Postal Engineers, Civil Aviation Workers, End Strikes

A six-day long wildcat strike by postal engineers ended this evening after the workers were assured that their demands for higher wages and improved conditions would be negotiated in good faith. The strikers had agreed early this morning to return to work on the promise of renewed negotiations. But the truce was in effect barely 30 minutes when the engineers walked out again because of remarks by Transport and Communications Minister Shimon Peres implying that they could expect no new offers.

Peres, appearing on a radio program, warned the workers not to “delude themselves” that the renewed negotiations “will bring benefits which are not in line with the signed agreements that the workers are contesting.” He was referring to collective labor agreements recently negotiated between the government and the civil service unions.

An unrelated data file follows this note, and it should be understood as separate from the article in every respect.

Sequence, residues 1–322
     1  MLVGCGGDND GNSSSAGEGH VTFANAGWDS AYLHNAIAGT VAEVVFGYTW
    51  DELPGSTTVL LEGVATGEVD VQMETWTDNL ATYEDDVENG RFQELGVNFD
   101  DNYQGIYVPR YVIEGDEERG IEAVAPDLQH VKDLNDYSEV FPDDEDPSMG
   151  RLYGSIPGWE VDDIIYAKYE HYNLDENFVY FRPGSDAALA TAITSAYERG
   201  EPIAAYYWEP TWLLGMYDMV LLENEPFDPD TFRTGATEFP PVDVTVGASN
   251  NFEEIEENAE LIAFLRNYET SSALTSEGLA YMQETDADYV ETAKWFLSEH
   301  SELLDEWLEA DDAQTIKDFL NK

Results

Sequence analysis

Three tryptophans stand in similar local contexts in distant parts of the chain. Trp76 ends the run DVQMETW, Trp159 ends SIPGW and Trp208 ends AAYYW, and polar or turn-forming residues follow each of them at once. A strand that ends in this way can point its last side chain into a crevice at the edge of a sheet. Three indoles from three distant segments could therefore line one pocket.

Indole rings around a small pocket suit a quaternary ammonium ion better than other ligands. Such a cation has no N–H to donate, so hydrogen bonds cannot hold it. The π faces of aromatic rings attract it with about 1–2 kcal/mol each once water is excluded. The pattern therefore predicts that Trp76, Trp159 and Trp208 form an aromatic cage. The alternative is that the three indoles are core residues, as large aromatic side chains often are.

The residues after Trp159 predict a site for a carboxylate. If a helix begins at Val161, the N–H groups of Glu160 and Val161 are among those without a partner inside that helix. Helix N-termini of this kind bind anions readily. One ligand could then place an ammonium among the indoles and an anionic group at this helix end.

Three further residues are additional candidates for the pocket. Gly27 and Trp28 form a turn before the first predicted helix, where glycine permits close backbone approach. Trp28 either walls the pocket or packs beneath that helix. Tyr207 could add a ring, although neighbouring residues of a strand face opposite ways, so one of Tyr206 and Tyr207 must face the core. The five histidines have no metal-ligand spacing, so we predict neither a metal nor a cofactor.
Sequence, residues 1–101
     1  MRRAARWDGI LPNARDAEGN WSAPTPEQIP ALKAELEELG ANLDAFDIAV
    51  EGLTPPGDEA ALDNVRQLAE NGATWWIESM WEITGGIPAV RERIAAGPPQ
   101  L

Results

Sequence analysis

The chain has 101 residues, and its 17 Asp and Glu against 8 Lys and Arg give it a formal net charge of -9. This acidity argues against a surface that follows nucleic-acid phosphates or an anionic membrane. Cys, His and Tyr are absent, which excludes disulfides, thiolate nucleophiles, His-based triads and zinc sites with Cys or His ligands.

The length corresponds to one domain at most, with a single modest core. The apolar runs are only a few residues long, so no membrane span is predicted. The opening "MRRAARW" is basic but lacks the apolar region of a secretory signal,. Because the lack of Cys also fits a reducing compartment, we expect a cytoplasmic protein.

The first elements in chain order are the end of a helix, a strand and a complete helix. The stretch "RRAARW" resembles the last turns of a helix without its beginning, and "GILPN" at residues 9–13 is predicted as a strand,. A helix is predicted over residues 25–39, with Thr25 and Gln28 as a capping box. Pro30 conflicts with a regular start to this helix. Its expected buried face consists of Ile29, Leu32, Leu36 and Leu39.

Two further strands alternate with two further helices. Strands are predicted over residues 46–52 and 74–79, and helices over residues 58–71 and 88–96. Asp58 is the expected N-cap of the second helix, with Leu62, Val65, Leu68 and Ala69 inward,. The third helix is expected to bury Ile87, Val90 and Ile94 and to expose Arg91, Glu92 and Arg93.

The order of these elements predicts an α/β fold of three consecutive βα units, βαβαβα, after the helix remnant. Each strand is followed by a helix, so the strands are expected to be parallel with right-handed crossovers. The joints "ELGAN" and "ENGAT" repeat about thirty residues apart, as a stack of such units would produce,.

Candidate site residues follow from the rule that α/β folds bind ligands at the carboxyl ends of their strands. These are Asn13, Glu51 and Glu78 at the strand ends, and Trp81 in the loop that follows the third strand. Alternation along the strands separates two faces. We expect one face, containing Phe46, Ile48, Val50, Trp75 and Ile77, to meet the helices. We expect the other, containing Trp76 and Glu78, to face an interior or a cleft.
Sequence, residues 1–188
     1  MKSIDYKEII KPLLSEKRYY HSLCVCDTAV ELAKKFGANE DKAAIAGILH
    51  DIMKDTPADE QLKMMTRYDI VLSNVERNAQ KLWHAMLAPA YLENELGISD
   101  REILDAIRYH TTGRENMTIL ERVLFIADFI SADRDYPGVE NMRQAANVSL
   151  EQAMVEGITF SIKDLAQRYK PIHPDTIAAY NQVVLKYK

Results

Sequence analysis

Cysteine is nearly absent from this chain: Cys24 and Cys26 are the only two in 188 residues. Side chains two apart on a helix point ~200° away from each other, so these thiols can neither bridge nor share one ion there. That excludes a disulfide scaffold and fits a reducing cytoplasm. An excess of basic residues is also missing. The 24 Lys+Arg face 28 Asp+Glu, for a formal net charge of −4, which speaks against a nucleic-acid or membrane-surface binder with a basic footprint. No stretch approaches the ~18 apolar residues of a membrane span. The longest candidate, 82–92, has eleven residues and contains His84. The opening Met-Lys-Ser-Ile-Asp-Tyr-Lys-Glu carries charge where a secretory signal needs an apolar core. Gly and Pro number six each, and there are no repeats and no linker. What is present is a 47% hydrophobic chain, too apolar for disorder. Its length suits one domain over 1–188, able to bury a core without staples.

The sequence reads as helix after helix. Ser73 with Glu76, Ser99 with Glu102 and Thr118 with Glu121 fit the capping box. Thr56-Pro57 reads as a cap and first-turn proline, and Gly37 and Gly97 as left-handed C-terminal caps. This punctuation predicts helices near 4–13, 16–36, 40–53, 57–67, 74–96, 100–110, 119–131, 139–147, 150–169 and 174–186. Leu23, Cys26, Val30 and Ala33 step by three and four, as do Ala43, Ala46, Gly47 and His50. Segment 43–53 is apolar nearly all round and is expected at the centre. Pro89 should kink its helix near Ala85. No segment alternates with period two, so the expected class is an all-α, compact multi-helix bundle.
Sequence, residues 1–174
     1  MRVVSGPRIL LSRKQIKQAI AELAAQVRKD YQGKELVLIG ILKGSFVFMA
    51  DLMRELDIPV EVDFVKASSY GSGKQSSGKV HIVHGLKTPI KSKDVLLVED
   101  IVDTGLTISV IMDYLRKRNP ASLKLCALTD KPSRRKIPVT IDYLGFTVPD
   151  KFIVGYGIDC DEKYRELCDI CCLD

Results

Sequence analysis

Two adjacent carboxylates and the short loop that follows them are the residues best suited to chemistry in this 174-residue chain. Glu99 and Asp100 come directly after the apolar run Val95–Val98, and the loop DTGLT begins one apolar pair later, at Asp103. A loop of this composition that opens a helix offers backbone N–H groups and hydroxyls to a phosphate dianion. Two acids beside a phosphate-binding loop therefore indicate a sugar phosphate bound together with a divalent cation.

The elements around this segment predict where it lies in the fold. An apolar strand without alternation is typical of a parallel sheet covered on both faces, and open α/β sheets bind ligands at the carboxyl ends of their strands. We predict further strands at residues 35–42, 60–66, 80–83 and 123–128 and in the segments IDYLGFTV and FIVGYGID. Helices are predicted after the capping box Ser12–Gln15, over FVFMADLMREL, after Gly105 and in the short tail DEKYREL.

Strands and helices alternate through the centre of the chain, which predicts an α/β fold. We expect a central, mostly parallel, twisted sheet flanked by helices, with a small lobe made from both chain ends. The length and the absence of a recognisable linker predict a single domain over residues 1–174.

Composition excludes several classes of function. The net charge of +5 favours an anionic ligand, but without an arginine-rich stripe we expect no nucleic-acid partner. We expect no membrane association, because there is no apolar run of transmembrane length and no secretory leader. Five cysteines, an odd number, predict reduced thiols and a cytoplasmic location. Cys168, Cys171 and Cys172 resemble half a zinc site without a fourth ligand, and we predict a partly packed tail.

The second walk-out ended after Histadrut Secretary General Yitzhak Ben Aharon promised the workers that the new negotiations would not be bound by earlier agreements. The six-day strike blacked out Israel’s television system and played havoc with telephone and telex communications as workers refused to repair equipment that broke down.

Traffic at Lod Airport was back to normal today following the settlement late Saturday night of a two-and-a-half day strike by civil aviation workers, the longest aviation strike in Israel’s history. The strike ended when the government agreed to meet some of the wage demands and to negotiate others. El Al managed to rush out seven flights before midnight Saturday while foreign airlines, alerted in advance that the end of the strike was in sight, flew in their planes to be ready for Sunday take-offs.

By this morning an estimated 10,000 passengers who had been delayed by the strike were flown out of Lod and normal schedules were resumed. The 60-hour walkout had suspended all traffic at Lod and other airports except for military flights and flights bringing in immigrants.

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